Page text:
Thursday, July 12, 2007

'Sell' Signal Favors RBS


Royal Bank of Scotland so far has benefited from activist investors targeting other banks involved in the battle for ABN Amro. But maybe the Scottish bank itself should be the focus of shareholders. RBS chief Fred Goodwin could increase the bank's stock market value more by selling Citizens Financial -- its retail banking franchise based in Providence, R.I. -- than by buying another rival.

RBS potentially is in a position to carve up Amsterdam's ABN because hedge funds agitated for the bank to be broken up. Meanwhile, its main rival as a suitor for ABN, the United Kingdom's Barclays, has been told by another activist that it shouldn't bid because to do so would hurt its shareholders. But RBS hasn't made a watertight case that its shareholders will benefit from its own bid for parts of ABN, including its Chicago-based LaSalle.

Citizens should earn about £1.1 billion ($2.2 billion) next year, less than 15% of the bank's total, according to J.P. Morgan. But assume it could be sold for the same 19 times 2008 earnings that Bank of America -- another bank involved in the complex battle over ABN -- has offered for LaSalle.

On that basis, Citizens would fetch nearly £21 billion. That would amount to a third of RBS's £60 billion market cap. If Mr. Goodwin handed that to shareholders, the remainder of RBS (mainly British retail and corporate banking and insurance) would be worth £39 billion -- or only about six times earnings.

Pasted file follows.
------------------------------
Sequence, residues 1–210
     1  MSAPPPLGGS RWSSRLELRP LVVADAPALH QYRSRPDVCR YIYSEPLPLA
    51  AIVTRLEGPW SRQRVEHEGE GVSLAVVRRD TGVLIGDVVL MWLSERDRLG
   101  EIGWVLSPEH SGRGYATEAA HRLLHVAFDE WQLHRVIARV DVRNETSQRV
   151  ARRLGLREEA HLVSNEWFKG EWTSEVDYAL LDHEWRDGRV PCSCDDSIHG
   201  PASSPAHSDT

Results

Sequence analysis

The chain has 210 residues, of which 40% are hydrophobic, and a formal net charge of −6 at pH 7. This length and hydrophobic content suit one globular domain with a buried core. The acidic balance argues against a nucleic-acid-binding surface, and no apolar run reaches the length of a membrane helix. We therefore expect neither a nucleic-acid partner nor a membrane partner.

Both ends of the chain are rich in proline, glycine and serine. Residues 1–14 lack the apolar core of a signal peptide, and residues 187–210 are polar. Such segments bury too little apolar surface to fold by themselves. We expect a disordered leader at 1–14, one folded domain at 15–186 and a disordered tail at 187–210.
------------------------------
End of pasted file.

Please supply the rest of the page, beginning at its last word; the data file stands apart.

That's cheap. Investors would be more likely to value those earnings on a multiple of some 8.9 times, in line with U.K. peers. That would value the business at about £57 billion -- or an extra £18 billion -- equal to 30% of the group's current market value.

Sure, there would be some negative consequences. Selling Citizens might trigger a capital-gains tax bill. RBS's strategy of building a trans-Atlantic business would be in tatters. Finally, Citizens is particularly well capitalized, so some of the sale proceeds might be needed to shore up the rest of the group's capital.

Even so, the value creation would still be substantial. Hedge funds searching for another target for bank activism might want to turn their attention to Edinburgh.

BRICs of Steel

Why do steel producers in the so-called BRIC countries (Brazil, Russia, India and China) seem to go crazy when shopping abroad? Gerdau, a Brazilian steelmaker, joins India's Tata Steel and Hindalco and Russia's Evraz, in forking over big bucks for a developed-world rival. It is paying $4.22 billion to acquire Chaparral Steel.

As with Hindalco's takeover of Canada's Novelis earlier this year, or indeed Tata Steel's takeover of Britain's Corus, the strategy looks sensible enough. With Chaparral, Gerdau vaults to the fourth-largest U.S. steel player, by tonnage, from No. 5. It also diversifies away from its South American base.

And the deal confers more than bragging rights. Gerdau hopes to squeeze $55 million of costs from Chaparral, based in Midlothian, Texas. Unfortunately for Gerdau shareholders, just like Tata and Hindalco before it, the finances of the transaction don't stack up.

Consider the value of the synergies today to shareholders of Gerdau Ameristeel, the U.S. listed subsidiary making the purchase. After taxes -- and once discounted back to reflect that the cost savings won't arrive until 2008 -- they are probably worth about $350 million to shareholders. The trouble is that Gerdau is paying about $1.04 billion more than Chaparral was valued at before it put itself up for sale in April.

Subtract from that premium the implied worth of the promised cost cuts and it looks like Ameristeel has overpaid to the tune of a whopping $700 million. Lucky for Gerdau, its investors have not punished the company so viciously. They generously marked down Ameristeel's market capitalization by only about $360 million, or 7.5%.

--Mike Verdin and Rob Cox (Wall Street Journal)

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